Now, however, Reed is known more as a jack-of-all-trades, master-of-none-type player, which has adversely impacted his stock.
So much so, it wouldn't be shocking to see him now fall all the way to Day 3.
This is a significant drop from where he once stood as one of the more intriguing players in this draft class.
Damontre Moore's fall from grace has been well publicized, and for very good reason.
At the combine, Moore managed to produce a lousy 12 reps on the bench press, while grunting out a rather pedestrian 4.95 40-yard dash.
Those are two numbers that raise huge red flags about his commitment to the game and also his level of explosive strength and qualities to challenge the perimeter as a pass-rusher.
On the other hand, Moore does have a nice motor, and his 12.5 sacks in the SEC this past year are nothing to laugh at. However, not everyone seems to believe he has the work ethic, character or level of desire to truly maximize or reach his full potential.
Trusting whether a player wants to be great is sometimes half the battle, and clearly Moore is losing this fight while exposing his flaws.
Flaws that will likely leave him out of the first round entirely come April 25.
This is a prediction I would have felt crazy saying or making just two short months ago.
There are things you say and things you keep to yourself during an interview process.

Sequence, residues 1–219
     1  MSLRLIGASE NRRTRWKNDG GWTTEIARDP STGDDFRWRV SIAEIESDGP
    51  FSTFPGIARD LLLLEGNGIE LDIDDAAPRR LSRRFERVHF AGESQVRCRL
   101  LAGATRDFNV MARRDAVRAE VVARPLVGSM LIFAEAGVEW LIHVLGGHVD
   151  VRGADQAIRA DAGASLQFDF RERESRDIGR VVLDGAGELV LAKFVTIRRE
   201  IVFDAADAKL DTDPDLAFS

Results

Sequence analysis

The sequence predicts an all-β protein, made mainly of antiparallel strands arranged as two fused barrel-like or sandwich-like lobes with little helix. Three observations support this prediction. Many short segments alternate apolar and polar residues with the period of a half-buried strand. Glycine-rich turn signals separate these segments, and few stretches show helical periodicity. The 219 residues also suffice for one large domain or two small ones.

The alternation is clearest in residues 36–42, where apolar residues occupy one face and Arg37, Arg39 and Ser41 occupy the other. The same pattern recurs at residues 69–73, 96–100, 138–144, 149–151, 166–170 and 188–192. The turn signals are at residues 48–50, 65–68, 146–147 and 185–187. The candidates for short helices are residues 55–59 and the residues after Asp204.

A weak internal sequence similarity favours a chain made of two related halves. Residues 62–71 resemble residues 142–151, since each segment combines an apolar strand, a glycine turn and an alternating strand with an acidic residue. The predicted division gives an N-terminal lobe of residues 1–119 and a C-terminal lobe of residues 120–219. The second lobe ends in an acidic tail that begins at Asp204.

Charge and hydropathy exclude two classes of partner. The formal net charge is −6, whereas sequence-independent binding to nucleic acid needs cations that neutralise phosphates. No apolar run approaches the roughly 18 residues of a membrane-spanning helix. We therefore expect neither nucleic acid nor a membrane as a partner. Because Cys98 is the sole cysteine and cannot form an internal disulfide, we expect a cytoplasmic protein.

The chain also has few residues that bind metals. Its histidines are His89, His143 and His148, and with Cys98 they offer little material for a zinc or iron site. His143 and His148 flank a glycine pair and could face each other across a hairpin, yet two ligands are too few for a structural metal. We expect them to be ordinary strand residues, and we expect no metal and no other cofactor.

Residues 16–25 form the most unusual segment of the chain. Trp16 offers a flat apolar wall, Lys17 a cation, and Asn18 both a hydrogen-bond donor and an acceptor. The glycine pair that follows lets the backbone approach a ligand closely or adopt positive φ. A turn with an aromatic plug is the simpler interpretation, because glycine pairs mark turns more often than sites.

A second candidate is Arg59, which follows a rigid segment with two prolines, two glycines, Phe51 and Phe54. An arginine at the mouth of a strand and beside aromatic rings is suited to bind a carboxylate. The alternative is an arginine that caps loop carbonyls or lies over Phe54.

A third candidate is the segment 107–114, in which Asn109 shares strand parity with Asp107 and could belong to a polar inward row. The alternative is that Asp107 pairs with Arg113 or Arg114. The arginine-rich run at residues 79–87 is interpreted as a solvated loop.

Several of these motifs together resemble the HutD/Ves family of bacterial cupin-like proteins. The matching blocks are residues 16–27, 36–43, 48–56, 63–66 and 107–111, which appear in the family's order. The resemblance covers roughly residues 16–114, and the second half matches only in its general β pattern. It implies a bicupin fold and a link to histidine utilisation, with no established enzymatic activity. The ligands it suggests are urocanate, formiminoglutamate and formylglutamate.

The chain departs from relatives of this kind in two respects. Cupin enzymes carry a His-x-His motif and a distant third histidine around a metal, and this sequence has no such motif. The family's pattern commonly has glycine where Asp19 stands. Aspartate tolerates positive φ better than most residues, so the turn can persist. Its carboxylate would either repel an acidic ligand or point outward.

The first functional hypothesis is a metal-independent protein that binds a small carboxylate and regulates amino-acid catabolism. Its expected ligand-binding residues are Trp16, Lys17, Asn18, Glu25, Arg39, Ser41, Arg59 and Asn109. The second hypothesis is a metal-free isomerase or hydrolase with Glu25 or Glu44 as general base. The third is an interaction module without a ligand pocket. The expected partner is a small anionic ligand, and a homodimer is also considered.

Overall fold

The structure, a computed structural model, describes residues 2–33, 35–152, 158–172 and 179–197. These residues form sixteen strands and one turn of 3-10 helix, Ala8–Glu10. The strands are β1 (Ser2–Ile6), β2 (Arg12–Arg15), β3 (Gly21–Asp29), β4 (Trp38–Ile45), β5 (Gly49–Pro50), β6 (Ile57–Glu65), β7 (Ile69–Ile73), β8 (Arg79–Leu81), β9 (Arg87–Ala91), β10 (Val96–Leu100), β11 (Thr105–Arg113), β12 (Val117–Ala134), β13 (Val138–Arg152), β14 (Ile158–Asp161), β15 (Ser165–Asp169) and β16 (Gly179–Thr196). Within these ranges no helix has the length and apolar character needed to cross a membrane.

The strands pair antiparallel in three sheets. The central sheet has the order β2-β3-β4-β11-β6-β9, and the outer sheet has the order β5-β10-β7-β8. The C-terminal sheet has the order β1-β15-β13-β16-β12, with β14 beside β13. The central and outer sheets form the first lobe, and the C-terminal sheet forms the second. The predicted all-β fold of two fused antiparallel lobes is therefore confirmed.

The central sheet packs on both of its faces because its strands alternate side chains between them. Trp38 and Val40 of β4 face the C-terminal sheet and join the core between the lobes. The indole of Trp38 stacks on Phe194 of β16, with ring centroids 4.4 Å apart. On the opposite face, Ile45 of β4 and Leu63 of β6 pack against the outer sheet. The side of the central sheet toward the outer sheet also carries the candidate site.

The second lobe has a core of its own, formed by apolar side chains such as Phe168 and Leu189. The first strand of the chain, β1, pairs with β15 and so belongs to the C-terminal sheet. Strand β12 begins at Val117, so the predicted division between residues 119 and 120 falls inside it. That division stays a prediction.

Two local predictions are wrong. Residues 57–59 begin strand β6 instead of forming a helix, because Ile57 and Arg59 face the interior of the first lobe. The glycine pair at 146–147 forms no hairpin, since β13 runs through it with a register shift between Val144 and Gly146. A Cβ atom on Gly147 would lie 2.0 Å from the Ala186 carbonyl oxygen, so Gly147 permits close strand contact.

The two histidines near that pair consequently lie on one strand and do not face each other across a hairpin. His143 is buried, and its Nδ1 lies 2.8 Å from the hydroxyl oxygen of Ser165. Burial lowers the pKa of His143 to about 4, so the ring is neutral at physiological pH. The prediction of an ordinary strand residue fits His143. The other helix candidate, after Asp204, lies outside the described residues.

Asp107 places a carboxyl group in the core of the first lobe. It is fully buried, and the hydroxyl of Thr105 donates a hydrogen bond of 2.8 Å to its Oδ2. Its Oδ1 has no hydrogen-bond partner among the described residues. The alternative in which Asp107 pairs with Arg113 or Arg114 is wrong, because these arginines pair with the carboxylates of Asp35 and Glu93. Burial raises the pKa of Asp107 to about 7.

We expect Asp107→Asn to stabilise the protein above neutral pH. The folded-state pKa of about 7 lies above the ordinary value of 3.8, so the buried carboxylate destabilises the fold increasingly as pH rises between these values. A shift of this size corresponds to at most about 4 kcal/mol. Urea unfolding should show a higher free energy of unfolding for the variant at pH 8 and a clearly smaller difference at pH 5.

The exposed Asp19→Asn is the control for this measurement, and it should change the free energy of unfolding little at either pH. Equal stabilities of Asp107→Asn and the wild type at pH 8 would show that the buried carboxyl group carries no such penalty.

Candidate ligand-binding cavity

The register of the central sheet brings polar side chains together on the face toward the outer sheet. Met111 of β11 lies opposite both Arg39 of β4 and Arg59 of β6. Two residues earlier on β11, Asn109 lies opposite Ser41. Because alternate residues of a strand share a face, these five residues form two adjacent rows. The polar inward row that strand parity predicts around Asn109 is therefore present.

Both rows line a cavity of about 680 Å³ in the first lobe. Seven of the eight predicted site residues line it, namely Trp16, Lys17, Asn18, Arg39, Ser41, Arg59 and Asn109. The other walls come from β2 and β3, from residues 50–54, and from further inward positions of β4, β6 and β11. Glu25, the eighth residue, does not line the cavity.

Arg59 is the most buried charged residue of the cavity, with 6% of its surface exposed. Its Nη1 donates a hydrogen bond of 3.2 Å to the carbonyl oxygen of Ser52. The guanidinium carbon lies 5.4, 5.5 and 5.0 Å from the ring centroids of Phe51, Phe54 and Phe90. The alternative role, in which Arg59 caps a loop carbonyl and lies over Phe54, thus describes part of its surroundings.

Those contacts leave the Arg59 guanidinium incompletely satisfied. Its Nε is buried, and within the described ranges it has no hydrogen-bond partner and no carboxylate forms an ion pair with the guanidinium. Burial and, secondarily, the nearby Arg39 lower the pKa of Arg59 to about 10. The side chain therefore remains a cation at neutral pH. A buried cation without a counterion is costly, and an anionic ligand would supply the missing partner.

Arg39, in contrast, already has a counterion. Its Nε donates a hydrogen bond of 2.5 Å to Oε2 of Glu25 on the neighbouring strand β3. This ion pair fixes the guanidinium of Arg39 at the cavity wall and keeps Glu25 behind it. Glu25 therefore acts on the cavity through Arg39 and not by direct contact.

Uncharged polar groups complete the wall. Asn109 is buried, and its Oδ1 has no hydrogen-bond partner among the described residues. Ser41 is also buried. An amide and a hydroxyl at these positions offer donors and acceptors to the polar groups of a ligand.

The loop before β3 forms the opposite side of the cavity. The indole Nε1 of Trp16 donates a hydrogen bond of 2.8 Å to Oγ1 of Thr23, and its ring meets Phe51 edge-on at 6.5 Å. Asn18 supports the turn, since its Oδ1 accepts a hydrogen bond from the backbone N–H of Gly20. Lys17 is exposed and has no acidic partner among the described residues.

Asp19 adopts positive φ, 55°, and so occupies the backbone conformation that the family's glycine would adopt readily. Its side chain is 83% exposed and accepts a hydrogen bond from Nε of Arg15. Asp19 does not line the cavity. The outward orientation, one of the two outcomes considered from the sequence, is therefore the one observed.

One of which is never exposing lazy habits or admitting to not giving maximal effort when you don't consider your full attention is completely needed.
However, that is exactly what Sam Montgomery said at this year's combine, according to an article by the USA Today.
Admitting to taking games off—yes, complete games—when playing what he considered "weaker" or inferior opponents.
Not exactly a selling point, somebody would be wise to tell Montgomery that while exposing your flaws shows honesty, it also reveals a level of stupidity.
Teams typically don't appreciate or value players who coast by on their talent, and they definitely hesitate when it involves one of the same players who was blasted by his strength coach late last year for missing workouts and making up excuses.
Clearly Montgomery would be wise to engage in some damage control, but it appears it may be a little too late.
He's probably already off some teams' draft boards entirely, and for that he has nobody to blame but himself.
Like most of the players on this list, it's not always the physical aspects of the game, but the mental ones that sometimes get the better of players like Kawann Short.
After all, if you watched any part of the Senior Bowl you saw the level of dominance Short is capable of when his motivation is high.
However, therein lies the problem with Short—his motor runs hot and cold.
There's a fun name scouts like to use for players like these.
They're called "faucet players."
Meaning, they can turn it on and they can turn it off, but they never consistently keep it running at full stream.
It's the same problem that affects a lot of defensive line prospects—old players like Shaun Rogers or even new players like John Jenkins—who could physically dominate if they fully committed themselves to the game.
Problem is, they never do and typically never will.